Heifer broke convention at county livestock show

By Glenda Price

During the latter part of the 19th century American cattlemen discovered England’s Hereford cattle, and began importing them. The idea was to improve the native descendants of the Longhorns that had evolved from the cattle brought in by the Spaniards.

It worked. These red-and-white cattle were easier to handle and produced succulent, tasty beef. By the 1920s Herefords were the dominant breed in this country. Then, breeders began selecting for “compact” cattle, thinking they produced more desirable beef. But in their search for smaller, compressed animals they went too far, and by the late 1940s and early 1950s dwarfism occurred in many Hereford herds.

My dad’s cow sense was ahead of his time. Even before the dwarfism problems surfaced he, investigating other breeds, found black Angus. When our first set of Angus cows and bulls arrived at the ranch, a neighbor cowboy told my grandmother the meat would be black. She hesitated and asked, “Are you sure about that?”

I still remember him taking off his black felt hat and declaring, “Black as this hat.” I think she believed that until she actually saw the beef for herself after the first butchering.

I was old enough to join 4-H by then (10) so Dad gave me a black heifer. I named her Sapphire. She and I were best buds. I broke her to lead easily, brushed her pretty hair daily, gave her special sweet feed. I think she spent more time with me than with her mother.

When it came county fair time I wanted to show her, so Dad got me a show stick and showed me how to use it. We got her looking her best and went to town.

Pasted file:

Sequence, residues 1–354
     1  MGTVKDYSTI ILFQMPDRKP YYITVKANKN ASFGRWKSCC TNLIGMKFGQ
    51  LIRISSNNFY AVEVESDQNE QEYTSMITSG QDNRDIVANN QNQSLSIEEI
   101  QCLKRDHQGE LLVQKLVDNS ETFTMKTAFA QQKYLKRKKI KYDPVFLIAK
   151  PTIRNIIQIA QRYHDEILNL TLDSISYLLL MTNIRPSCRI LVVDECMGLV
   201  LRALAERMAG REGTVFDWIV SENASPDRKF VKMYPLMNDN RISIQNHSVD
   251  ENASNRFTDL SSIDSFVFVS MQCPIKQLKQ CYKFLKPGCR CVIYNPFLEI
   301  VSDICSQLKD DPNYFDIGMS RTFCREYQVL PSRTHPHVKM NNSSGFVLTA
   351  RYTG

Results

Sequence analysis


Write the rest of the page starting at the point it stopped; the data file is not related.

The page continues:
The people handling entries looked at that black heifer, then at each other, then at us. You’d have thought we brought King Kong’s daughter to the show by the way they acted.

“We don’t have a class for – that,” the lady in charge said, looking at Sapphire as if she’d been imported from Mars. “Is it a female or male?”

“She’s a breeding heifer,” Dad said. He looked the lady right in her incredulous eyes and added, “A good one, too. Won’t throw a dwarf.”

Dad happened to know that lady’s family – and cattle – so that last comment hit home.

Even so, the lady pointed out, correctly, there was no class for “other breeds.” My heifer would have to show in the same class as the Hereford heifers.

So we unloaded Sapphire and led her into the assigned pen. While I filled her water bucket, got her feed and brushed her down my dad stood by and answered questions. I bet every cattle person in the county looked Sapphire over that day.

At the show the next morning Sapphire and I showed against three Herefords. Wanta guess where we placed? Right. Fourth. But we had made an impression.

Hereford breeders solved the dwarfism problem admirably, and their cattle are again valued by many knowledgeable cattlemen and cattlewomen.

Still, the past few years, grand champions at that county fair have been … Angus.

Glenda Price has been a contributing editor to New Mexico Stockman magazine since 1982. Contact her at glendaprice00@comcast.net.